Sometimes, telephone interviews are more difficult than face-to-face interviews. Why is that?

They are more difficult because we rely on reading people’s body language. Clearly we can’t do this during a telephone interview! This makes it hard to gauge if your answer is on the right track. However, you can listen out for cues. If the interviewer uses words like ‘great’ or ‘excellent’ after your answer, it generally means you’ve done well. Though, there are some recruiters and HR managers that will use these words even if your answer was not what they were after. In this case, you can always ask ‘Did that answer your question?’

There are two types of telephone interviews:

Job interview screening calls.

Interview screening calls take about five minutes. HR managers and recruiters conduct job interview screening calls to check:
(a)    Your PR status
(b)    Your communication skills. Do you have a thick accent or poor communication skills? This may count against you if the job you applied for requires good English. They’ll usually test your speaking skills by asking, ‘Can you tell me about yourself?’
(c)    Details in your resume. Some interview screening calls will test your resume knowledge. They will try and catch you out by asking something specific such as ‘tell me more about how you reduced costs by 18% at IBM?’ If you can’t answer…you’re in trouble!

Formal telephone interviews.

An informal telephone interview can take between 20 – 40 minutes. This is where they will call and say “You presented a strong application and I’d like to arrange a telephone interview with you”. If they ask if you’re available now, it’s better to say “I’m just about to go into an appointment, can I call you back in an hour?” This gives you precious time to prepare!

Formal telephone interviews are similar to face to face interviews in that you will have to answer a mix of technical and behavioural interview questions. It’s critical to prepare for this interview in the same was you would for a face-to-face job interview.

How to succeed in your telephone interview – the basics.

  1. Answering the call: If you don’t recognise the number always answer your phone in a professional manner, such as, ‘Hello, Naren speaking.’
  2. Voicemail: Set up a professional voicemail in case the interviewer can’t reach you e.g. “Hi, you’ve called Naren. Sorry, I can’t take your call right now. Please leave a message and I’ll get back to you soon.”
  3. A quite room: Take the call in a quiet area. Never answer your phone in a shopping centre or where it sounds ‘unprofessional’. Driving is OK as long as you have hands-free. Taking the call while driving is a good way to buy time. You can say “I’m just driving home now, can I call you in a half an hour?”
  4.  Resume and job ad: If you’ve managed to buy time and return the interviewer’s call at a later time, make sure you have your resume and the job ad in front of you when you call back so you can refer to them.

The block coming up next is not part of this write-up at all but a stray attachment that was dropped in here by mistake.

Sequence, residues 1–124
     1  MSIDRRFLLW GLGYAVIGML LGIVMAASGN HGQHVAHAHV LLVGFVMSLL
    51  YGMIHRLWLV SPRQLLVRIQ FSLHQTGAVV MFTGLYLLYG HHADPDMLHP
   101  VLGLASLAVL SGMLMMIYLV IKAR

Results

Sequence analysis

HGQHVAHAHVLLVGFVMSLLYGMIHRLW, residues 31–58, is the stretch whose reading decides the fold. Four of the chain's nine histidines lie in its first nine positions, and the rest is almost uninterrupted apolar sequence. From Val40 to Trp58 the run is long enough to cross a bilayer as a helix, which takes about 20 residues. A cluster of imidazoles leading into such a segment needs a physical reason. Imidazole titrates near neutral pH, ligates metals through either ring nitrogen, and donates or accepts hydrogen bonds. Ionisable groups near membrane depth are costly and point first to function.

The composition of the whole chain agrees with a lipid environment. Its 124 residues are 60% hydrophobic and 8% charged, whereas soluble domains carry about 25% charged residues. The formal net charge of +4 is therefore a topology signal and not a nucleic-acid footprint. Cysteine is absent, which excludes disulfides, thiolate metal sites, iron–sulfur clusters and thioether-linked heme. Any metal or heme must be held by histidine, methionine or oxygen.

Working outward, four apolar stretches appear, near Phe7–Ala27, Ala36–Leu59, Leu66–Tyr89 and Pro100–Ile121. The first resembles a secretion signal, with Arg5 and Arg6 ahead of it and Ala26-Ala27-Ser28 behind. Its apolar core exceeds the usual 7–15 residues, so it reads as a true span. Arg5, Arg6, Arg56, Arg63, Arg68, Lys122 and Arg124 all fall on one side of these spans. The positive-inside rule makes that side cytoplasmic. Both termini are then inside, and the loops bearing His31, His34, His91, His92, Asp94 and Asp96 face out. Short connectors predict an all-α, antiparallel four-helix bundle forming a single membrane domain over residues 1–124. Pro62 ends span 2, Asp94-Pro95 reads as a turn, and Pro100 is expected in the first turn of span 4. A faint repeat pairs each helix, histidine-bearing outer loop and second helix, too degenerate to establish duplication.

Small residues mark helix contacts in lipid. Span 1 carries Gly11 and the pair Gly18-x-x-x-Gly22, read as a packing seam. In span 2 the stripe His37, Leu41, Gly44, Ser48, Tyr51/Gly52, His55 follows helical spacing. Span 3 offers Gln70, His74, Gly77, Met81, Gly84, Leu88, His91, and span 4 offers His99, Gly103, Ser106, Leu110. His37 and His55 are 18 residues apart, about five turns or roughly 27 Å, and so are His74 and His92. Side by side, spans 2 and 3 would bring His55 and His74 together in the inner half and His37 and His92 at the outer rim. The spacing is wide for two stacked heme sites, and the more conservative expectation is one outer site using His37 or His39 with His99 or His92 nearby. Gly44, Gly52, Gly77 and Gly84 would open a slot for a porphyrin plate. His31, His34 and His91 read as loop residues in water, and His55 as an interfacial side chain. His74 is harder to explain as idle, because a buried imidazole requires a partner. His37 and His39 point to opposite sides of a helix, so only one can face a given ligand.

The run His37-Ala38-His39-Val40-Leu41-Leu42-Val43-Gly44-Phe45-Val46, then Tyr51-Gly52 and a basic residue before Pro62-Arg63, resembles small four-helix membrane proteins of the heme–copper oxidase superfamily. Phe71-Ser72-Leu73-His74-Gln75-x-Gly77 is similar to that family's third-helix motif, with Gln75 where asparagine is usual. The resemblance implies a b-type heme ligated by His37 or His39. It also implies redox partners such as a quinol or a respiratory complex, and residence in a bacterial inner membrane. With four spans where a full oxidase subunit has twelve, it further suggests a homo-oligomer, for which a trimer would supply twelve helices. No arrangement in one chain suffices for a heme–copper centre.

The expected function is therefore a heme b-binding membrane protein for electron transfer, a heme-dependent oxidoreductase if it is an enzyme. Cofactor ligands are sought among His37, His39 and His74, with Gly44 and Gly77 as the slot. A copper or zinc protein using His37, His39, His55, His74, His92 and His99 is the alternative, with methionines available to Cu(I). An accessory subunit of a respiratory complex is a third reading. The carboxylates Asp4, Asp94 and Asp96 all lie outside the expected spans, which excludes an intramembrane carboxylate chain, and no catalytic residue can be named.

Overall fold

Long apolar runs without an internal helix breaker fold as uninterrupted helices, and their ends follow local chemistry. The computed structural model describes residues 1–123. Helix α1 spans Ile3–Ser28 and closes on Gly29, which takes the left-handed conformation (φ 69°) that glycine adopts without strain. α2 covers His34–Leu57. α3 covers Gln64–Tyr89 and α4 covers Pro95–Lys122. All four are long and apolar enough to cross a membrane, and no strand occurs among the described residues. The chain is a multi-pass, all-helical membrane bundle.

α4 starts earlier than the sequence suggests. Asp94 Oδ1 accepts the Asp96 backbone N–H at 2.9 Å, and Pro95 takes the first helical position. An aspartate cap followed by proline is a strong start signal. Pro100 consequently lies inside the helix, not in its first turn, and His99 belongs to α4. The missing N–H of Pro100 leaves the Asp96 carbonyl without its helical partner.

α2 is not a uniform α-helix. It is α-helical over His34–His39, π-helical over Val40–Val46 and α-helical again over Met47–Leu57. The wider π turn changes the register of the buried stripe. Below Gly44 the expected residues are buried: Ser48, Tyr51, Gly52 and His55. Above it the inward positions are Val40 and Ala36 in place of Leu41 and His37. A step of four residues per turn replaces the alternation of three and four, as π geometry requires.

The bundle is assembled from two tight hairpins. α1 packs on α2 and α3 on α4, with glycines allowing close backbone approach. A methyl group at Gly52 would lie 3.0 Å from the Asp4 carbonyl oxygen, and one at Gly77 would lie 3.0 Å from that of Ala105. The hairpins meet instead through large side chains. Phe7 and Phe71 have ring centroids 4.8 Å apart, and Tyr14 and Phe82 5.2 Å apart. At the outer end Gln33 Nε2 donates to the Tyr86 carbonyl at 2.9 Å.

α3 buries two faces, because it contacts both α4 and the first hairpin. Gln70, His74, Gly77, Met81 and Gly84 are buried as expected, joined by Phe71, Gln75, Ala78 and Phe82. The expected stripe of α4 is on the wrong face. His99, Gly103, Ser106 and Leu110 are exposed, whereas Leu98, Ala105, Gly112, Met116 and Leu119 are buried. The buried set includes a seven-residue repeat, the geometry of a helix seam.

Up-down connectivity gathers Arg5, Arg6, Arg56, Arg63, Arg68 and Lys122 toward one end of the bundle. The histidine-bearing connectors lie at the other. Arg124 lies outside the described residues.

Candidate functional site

5. Smile and show enthusiasm. You can tell when someone is excited or smiling on the other end of the line. Smile and be positive when you’re talking to a recruiter or employer.
  6. Find out more: It’s rare that you apply for one job and get a phone interview request for that one job. Often, you’ve applied for 50 jobs! So when you get a call – how do you know which job it is? Before responding to any questions, it’s important to know which job it is. You must find out which company/job it is. You can simply say “Sorry, could you tell me again which position this is regarding as I applied for several roles during the week and just wanted to double-check – thanks”.

Telephone interview strategies.

  1. Elevator pitch: Be prepared to answer the first question “Can you tell me a bit about yourself?”  This is your 45-second elevator pitch to summarise your skills, background and expertise
  2. Listen: It’s important not to interrupt the interviewer and listen carefully to their questions. I find it useful to take notes when they are asking a question. For example, if they ask “Can you tell me a time where you had to performance manage a staff member?” I’d write down the keywords ‘performance manage’ and ‘staff member issues’. It’s normal to forget the question during your answer! By writing down these keywords – you can remind yourself.
  3.  Answer structure: This is the most important part. Every answer you give should be structured. Here’s how you can structure your interview answers:
  • Introduction:  Start by acknowledging the question “Sure, there are a few examples that I can think of when I’ve had to troubleshoot a problem/help clients/resolve a technical issue.”
  • Example: “One example is when I was working as an A at company B on project C. I was working on D when we realised the E was happening. I took Faction which resulted in G.”
  • Conclude: “This is one example I have working as an A where I performed/resolved/managed X, Y and Z.”

Final thoughts:

Phone interviews are tough and you need to perform well to secure a face to face interview.

Remember the basics listed above and then focus on getting your answer structure right. I can’t stress how important it is to be a storyteller in your interview. That’s what interviewers want to hear. Stories, examples and evidence that you have the experience that demonstrates that you can do the job that they are advertising.

I wish you well at your next job interview in Australia.

Best wishes,
Naren, Career Coach, Career Success Australia